What Tattoos You Have, and if They Have Meaning

I have two tattoos.

The first is three plumeria blossoms on my bicep. I got it while we were in Hawai’i on vacation. I basically picked some flash on the wall of the shop. Out of all the flash, I selected plumeria because John had shown a blossom to me at a park the day before and I really liked the way it smelled.

John got a tattoo at the same time; three turtles with faces on their shells to represent each member of our family. I ended up getting three blossoms to represent our family, as well.

My second tat is a red and blue Chinese-style dragon, and it’s on the back of my neck. It memorializes two people: My mom and “Kay,” one of my best friends. Both of these women died in 2003.

When I was a teenager, I really wanted a tattoo. Like, begging my parents, sketching out designs, daydreaming out loud nonstop about my potential tattoo. This, naturally, horrified my LDS parents. Mormons believe your body is a temple, and therefore a tattoo is essentially graffiti.

I would argue that if my body is a temple, I should be able to paint it lovely colors and put up artwork. I pointed out that cathedrals have elaborate carvings and grotesque gargoyles.

For some reason, these arguments did not fly with them.

In any case, my mom used to joke, “Sure, you can get a tattoo … over my dead body!”

She said the same thing about riding motorcycle, as it happens.

So that’s why the dragon is a bit of a memorial tattoo for mom. I got it a few years after she died, and in an ironic tip of the hat, I chose to have it done in mom’s favorite colors.

The design itself actually came from a dragon pendant Kay gave me when I was about 16. I used to have a real interest in dragons. I wore the necklace pretty much all the time, until I lost it. Kay noticed I wasn’t wearing it, asked me about it, and I confessed I’d lost it. She bought me a replacement, and in a few short months I’d lost that, too.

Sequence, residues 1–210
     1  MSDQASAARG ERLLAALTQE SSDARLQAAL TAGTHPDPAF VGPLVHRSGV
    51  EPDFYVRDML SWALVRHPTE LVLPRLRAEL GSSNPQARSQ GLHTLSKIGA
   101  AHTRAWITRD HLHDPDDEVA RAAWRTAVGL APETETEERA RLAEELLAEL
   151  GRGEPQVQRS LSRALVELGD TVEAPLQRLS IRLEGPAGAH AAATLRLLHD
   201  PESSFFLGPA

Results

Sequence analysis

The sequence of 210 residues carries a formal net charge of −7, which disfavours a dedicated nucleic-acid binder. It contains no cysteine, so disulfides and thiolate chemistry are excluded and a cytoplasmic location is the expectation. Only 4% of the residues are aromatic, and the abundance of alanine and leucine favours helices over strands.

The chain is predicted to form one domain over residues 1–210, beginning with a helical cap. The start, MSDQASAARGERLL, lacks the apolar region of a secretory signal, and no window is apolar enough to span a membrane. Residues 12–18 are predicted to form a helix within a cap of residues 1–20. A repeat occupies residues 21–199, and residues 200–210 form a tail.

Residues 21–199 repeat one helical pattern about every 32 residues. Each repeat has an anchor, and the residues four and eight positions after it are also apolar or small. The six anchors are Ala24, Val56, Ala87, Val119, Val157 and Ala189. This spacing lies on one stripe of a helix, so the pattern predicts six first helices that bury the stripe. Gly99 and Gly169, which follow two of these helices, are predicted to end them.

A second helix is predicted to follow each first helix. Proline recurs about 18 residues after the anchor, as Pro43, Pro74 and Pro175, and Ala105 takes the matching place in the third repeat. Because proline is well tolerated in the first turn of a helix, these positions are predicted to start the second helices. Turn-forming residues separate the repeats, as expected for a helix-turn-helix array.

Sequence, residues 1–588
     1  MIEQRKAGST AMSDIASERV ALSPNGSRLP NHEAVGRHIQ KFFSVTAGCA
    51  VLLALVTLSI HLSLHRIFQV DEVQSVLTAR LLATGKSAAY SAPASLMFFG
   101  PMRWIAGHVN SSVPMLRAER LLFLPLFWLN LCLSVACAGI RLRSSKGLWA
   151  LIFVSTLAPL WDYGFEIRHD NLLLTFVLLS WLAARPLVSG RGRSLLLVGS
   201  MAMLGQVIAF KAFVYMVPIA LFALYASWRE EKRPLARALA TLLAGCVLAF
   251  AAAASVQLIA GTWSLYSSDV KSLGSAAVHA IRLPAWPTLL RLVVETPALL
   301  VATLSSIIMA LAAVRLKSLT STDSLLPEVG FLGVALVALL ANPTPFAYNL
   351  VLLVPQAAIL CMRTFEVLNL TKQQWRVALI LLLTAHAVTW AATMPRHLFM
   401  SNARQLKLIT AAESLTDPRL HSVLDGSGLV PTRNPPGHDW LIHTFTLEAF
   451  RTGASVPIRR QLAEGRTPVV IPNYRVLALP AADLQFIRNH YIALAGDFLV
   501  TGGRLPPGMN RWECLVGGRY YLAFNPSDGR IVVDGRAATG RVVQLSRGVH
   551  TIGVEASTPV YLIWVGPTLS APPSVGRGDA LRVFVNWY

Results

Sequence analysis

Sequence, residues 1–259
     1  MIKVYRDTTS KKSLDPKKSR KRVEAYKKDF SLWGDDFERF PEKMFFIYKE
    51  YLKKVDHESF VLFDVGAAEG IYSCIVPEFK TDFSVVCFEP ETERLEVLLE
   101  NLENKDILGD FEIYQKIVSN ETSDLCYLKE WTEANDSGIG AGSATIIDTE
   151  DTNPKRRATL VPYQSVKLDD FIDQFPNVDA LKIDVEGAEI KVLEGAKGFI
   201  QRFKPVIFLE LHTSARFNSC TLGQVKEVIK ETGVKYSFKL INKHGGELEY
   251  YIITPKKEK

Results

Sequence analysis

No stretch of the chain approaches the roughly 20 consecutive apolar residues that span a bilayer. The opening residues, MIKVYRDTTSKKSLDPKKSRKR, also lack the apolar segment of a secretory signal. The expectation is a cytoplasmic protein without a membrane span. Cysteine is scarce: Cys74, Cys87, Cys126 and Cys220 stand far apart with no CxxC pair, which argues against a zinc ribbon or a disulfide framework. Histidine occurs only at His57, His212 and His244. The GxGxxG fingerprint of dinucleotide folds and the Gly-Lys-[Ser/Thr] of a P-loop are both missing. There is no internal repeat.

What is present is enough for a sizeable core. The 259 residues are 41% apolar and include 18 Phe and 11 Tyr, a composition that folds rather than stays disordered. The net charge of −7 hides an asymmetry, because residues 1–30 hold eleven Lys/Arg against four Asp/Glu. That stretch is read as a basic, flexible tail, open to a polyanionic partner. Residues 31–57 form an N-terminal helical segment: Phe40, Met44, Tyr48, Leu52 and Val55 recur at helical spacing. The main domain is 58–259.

To my surprise, she bought me another replacement. I used to wonder why she kept buying replacements. Recently I realized it must have been because I loved the necklace so much, I wore it every day. I guess it made her happy, making me happy. Also, knowing that I enjoyed her gift that much.

Anyway, I lost the second replacement, and the third, and the fourth. I never asked for a replacement. I would lose it, and she would inevitably notice and within a few weeks or a month, produce a replacement.

At some point, she started joking that I’d need to get it tattooed on me to prevent me losing it ever again. When we were 22, she moved to California, and I moved to a new apartment with my husband and child. Of course, I lost the necklace during the move. Perhaps my infant son had tugged too hard on the cord and broken the clasp.

We didn’t speak again before she died.

I thought about the dragon tattoo for six years before I finally got it. I didn’t want to rush into anything. I couldn’t decide if I wanted a small black outline the size of a pendant in the dip of my collarbone, or if I wanted something larger and more colorful. I eventually decided on a piece on the nape of my neck, because I can cover it and be “business professional” by growing out my hair or wearing a scarf.

I sometimes think about getting script of some sort … perhaps the first verse of my mom’s favorite poem.

`Twas brillig, and the slithy toves
  Did gyre and gimble in the wabe:
All mimsy were the borogoves,
  And the mome raths outgrabe.

— Lewis Carroll



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